Bunji & calypso’s historical imagination

Patricia has left me
You would be shocked to hear who replaced me
My Patricia has left me
You would be shocked to hear who replaced me
Days upon days I sits down and cry
You may want to ask me the reason why
But the thing that is hurting me
She is gone to live with a young lady

Could you tell me where my Patricia went
She gone with Millicent
I cannot believe, not for one moment
She gone with Millicent

This July, newest international socadarling Bunji Garlin, whose ingenuity and talent have mesmerised me since I heard him sing about his “Accent” in Young Kings almost 15 years ago, was to perform at Caribana—now the Scotiabank Toronto Caribbean Carnival. “On a personal level I, Ian Alvarez do not subscribe to anti-gay sentiments and am respectful of all peoples and communities,” Bunji wrote City of Toronto authorities. A young Trinb immigrant to Canada, Adam Williams, asked for a public apology for his ten-year-old Soca Monarch tune “Blaze De Fire”, into which he puts “some of dem big funny man dat taking dem man over gyal”, along with many other offenders. But, Bunji says, it’s “not…intended to be offensive to any group, nor…an attack of any one or any community”.

New_letter_for_Bunji_3

1990s dancehall music has enjoyed arguably the broadest international circulation of any contemporary Caribbean cultural idiom, and its obsession with policing gender and sex has helped cement a reputation in North America and Europe for Caribbean music—and the region itself—as singularly homophobic. New interest in the Caribbean by both gay and Christian Right activism in the North helped. Both movements are deeply invested in our primitivism—whether as the backwardly homophobic place that establishes their supremacy and progress on sexual and gender diversity, or as an antiquated frontier where dominion of Christianity can be preserved. We are no less eager to essentialise our homophobia—either taking pride in the rooted self-determination of our sexual cultures; or profiting from attention and resources homophobic hyperbole provides for gay social movements.

But unlike dancehall, whose badman peformers, outlaws themselves, seek to write others out of the social order as verminous chichiman, punishing them by inciting fiery lyrical violence, calypso is the kingdom of the jammette. Its currency is illegitimacy, its role is to narrate the margins. What I have found in calypso, with the help of Gordon Rohlehr, Zeno Constance and others, is a rich trove of ingenious and playful ways in which Caribbean imagination has dealt with homosexuality over six decades. It is, I believe, one of the topics to which calypso has brought some of its subtlest imagination and sweetest ingenuity. It’s not the only approach to the topic in the national artform, which includes moralizing, scorn, violence and ridicule. But in sharp contrast to the reputation of intolerance of sexual difference the intersecting internationalisms of the recording industry, human rights imperialism and world religion are producing and circulating for the Caribbean and our music, it is playfulness with sexuality that is the hallmark of calypso, a music that during its international heyday half a century ago was probably more popular than dancehall.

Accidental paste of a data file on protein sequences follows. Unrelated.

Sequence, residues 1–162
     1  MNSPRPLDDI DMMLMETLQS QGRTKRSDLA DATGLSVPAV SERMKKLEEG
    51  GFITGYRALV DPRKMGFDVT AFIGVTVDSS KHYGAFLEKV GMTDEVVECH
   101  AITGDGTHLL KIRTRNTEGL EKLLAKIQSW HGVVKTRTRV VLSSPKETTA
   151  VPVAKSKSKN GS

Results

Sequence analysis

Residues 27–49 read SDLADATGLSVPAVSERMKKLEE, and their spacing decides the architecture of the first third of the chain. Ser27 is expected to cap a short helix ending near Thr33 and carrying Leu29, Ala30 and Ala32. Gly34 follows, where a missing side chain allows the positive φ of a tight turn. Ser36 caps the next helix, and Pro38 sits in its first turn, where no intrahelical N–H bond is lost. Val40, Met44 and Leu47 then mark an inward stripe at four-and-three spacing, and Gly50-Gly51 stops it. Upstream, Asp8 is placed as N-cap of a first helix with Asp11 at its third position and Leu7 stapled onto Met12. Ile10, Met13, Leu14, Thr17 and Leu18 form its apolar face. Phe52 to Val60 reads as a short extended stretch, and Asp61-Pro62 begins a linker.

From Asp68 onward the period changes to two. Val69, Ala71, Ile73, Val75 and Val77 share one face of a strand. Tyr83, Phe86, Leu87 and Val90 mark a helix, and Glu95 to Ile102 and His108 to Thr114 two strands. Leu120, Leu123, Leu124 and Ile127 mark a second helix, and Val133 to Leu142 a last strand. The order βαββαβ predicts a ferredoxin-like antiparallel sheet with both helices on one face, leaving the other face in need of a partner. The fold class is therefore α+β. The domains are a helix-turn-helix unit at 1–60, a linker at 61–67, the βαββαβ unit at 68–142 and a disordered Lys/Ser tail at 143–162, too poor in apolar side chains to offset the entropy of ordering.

Indeed, the music’s fascination in the North in that era lay in another kind of engagement with the Caribbean as a sexually primitive place, where rum, Coca Cola, mothers, daughters and Yankee dollars swirled together down Pt. Cumana. Around the same time the Mighty Terror was singing self-deprecatingly in Windrush-era Britain about his sexual disappointment by Patricia “You may think I am jocular / But this really happened in Manchester / I felt so ashamed, my friends laughed at me / I had to take a train for London City”, across the Atlantic American burlesque singer Ruth Wallis would use calypso’s rhythms, innuendo and bawdiness, and an imitation of West Indian diction, to sing about her own disappointment on a Caribbean sexual adventure in which she encountered “De Gay Young Lad from Trinidad”

I always knew dey grew palm trees
Ba-na-NAS dey always had
But you can i-MA-gine my SUR-prise
I found a pansy in Tri-ni-DAD

Oh, yes he was very authentic
As described in de geography
Had his accent an de wrong syll-A-ble
And his lingo was queer as can be

Oh, I took him down by de ocean
It was romantic as it could be
De waves dey were swishing against de shore
Like de waves swished, so did he

I wanted to teach him to love me
But he seemed to be awfully shy
And de things I was trying to teach him
I found him learnin’ from some other guy

Two gay young lads from Trinidad
Oh, what a time I never had

Oh, we really are quite a threesome
Two guys and me, heavens above
Now nobody knows I’m de lookout
And dose other two are in love

From the Roaring Lion’s 1930s Cheek to Cheek and 1941 road march Woopsin, Woopsin, Lord Invader’s 1958 tale of transgender dancing in My Adventures on the Reperbahn, Dougla’s 1963 argument Man Nicer than Woman to Melody’s Sarge whose woman says “Is a vice I have, doux-doux / I still in love with you”—even when the joke is burlesque or cruel, as in Merchant’s 1978 Norman, is that You?, Brynner’s 1968 Bajan Bachelors or Bomber’s troublingly knowing 1973 MaMa Men in Woodford Square—wit and imaginativeness, and in occasional cases—like Blakie’s Current Gone and Zandolie’s The Whipincredibly subtle innuendo or superlative smut, overwhelm other treatments of homosexuality. No calypso is more of a masterpiece at any kind of storytelling dénouement than Black Prince’s 1993 De Letter. And Crazy’s 1992 Penelope incomparably blunt: If you can’t get a woman, take a man.

Adam is happy with Bunji’s reponse, despite concerns Bunji is just watching his pocket. But I think he’s just being true to the shoulders on which he stands.

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